Hunting for termites – should you do it yourself?
Finding termites in your home before they do any serious damage could save you thousands, so it’s important to have your house checked once in a while!
This can be easily determined by having a pest inspection done by professionals, or if you have enough basic knowledge about termites and termite damage, you could even do it yourself.
The benefits of having a pest inspection done by a qualified inspector just assures you that your inspection is done thoroughly and all areas and timber have been assessed. A pest inspector should not treat the pests themselves, rather they are there to make recommendations of what kind of action you should take, if any are necessary.
When buying a home, it’s a good idea to get an inspection like this to help you decide whether the home is worth purchasing or not. You can request to the seller to have this done as well.
If you own your own home and would like to carry out an inspection yourself, you will need to know which areas need attention and what to look out for, as well as what kind of equipment is necessary both for inspecting and safety.
The main problem areas
Two of the main areas that would be necessary to inspect are the roof void or any roof spaces, and the subfloor (provided the house has an accessible subfloor). If you’re going to find termites in your home, it’s likely that you will find them in one or both of these areas.
Why? Simply because the environment is ideal for termites. Little airflow and no human activity or interference creates a comfortable place to set up shop. Areas under or over kitchens or bathrooms will create a higher content of moisture, this helps termites keep themselves comfortable and safe in their new home. Their food source then comes from those things that hold up the house! They chew away on the abundance of timber that is, in many houses, most prominent in the subfloor and roof spaces.
Other areas to look at
Whilst these two areas are the most susceptible to termite damage, do not rule out the other possibilities.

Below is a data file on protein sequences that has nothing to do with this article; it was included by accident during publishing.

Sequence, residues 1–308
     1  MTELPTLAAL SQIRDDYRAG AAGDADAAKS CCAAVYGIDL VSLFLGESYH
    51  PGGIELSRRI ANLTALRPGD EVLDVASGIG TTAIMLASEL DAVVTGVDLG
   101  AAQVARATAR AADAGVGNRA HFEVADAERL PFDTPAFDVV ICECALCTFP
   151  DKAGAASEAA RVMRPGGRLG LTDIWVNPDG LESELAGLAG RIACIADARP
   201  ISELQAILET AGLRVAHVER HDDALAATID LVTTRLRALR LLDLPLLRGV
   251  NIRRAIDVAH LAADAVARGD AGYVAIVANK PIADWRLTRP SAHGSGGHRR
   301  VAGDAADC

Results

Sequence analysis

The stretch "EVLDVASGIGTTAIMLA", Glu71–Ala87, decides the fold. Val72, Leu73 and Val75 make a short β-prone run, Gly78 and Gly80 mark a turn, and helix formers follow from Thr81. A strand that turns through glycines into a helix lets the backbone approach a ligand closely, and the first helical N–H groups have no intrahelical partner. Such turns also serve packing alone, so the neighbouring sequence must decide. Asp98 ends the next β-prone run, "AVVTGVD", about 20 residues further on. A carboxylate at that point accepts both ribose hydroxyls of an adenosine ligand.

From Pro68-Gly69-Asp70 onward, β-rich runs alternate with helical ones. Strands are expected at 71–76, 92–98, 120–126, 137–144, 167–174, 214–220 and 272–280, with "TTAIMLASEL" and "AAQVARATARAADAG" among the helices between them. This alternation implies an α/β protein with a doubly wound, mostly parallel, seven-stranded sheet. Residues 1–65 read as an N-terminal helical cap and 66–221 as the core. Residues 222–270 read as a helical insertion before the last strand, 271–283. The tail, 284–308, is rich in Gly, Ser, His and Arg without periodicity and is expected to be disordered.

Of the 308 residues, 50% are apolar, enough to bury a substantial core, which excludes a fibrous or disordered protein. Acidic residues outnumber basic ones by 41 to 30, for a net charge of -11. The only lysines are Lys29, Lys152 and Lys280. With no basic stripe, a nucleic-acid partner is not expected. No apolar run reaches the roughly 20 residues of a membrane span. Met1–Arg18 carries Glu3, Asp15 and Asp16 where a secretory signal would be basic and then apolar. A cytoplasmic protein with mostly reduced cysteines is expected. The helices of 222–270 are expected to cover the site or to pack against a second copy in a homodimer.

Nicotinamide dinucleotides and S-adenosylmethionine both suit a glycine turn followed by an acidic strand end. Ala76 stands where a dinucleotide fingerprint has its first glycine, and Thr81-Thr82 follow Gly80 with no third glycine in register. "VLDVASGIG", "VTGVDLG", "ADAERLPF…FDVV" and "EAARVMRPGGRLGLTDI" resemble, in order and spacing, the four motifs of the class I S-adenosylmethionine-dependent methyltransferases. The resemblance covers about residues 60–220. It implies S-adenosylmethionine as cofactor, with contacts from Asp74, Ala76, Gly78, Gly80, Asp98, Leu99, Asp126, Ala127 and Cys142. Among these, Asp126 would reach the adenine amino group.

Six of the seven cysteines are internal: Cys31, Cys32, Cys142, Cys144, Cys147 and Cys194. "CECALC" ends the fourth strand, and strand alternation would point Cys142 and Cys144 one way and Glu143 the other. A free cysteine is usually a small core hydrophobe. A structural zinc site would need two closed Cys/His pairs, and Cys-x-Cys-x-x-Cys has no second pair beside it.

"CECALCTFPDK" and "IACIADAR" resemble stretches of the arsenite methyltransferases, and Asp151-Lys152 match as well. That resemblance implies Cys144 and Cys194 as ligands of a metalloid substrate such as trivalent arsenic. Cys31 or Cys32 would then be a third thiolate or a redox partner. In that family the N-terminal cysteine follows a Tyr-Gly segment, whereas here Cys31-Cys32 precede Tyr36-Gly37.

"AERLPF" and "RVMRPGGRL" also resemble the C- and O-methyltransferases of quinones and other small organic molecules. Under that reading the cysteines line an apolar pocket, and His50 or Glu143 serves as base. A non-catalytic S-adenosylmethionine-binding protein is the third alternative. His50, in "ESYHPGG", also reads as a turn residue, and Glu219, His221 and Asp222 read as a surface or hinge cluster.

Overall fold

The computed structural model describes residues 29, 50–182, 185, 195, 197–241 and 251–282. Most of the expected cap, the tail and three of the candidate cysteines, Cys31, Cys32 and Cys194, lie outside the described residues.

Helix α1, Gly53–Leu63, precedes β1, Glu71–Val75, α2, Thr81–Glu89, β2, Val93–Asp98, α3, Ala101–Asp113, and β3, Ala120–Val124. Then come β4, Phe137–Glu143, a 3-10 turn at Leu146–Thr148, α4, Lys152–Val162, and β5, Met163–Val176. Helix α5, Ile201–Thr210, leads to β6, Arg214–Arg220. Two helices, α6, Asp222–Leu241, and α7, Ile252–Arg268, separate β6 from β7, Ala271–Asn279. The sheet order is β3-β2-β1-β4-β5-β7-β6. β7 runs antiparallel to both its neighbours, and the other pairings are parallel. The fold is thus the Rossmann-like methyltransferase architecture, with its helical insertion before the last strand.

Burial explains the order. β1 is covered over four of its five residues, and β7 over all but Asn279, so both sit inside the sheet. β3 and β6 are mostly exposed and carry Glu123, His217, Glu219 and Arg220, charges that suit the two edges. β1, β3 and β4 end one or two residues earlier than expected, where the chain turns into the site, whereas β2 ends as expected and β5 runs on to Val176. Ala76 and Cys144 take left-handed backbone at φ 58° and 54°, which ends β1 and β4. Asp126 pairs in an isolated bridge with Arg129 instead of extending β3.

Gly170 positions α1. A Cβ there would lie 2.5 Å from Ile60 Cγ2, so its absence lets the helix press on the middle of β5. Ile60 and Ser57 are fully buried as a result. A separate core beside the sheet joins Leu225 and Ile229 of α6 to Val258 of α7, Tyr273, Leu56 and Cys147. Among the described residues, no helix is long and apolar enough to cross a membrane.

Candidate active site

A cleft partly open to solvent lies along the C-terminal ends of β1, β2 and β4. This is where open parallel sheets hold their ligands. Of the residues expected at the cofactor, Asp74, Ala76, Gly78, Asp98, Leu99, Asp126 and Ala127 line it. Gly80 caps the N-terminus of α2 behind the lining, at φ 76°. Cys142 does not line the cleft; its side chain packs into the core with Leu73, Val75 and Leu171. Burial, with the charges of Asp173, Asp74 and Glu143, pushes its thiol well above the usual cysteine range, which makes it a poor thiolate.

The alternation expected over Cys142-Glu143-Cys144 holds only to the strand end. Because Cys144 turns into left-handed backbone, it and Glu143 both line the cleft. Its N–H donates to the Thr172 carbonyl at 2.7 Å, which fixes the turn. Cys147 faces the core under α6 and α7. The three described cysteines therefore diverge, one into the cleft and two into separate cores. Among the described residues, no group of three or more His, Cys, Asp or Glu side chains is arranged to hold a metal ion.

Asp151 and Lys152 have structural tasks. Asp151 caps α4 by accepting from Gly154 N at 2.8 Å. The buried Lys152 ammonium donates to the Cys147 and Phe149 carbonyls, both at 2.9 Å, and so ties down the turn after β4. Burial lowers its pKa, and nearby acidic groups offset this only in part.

Look in your front or back yard for any stacks or piles of timber that have been left over time, as this looks like an all-you-can-eat buffet to termites. Also inspect surrounding trees or fences for any damage, as the next target could be your home if it isn’t already!
Stay safe with the right equipment
Next thing you should consider is equipment and safety. Particularly when moving around underneath the house in the subfloor or in the roof spaces, you must make sure you have the proper respiratory gear. In these areas there is likely to be a lot of dust and different particles or fibres floating around, especially once you are in there moving around and stirring up the air that has settled over time. Be sure to have overalls and possibly a hard hat depending on the condition of the area you are inspecting.
In darker areas it’s certainly beneficial to have a torch with you to check for any damage or activity, and something to knock on timber, like the back of a screwdriver, to listen for any hollow sound.
Do you research
Part of the preparation is also doing your research. Know your enemy. Know how they behave, what they eat and where they live. It also wouldn’t hurt to know a little about the biology of trees either, and why different kinds of pest are attracted to certain kinds of wood.
Peace of mind
Doing an inspection like this yourself is fine if it’s just a simple check up on your home. But, if you are looking to be completely sure there’s nothing there, or to know what to do when you find something that could be termites, you should consider getting a recognised professional in to do the job.
As a seller the benefit is that you can prove or disprove that there is any termite damage done to the house, and therefore give the buyer peace of mind knowing a professional has inspected the house and provided a report. If in this case there is damage, it also means that they can provide the report as proof that this was taken into account at the time of valuation on the home, helping to avoid this becoming a bargain point.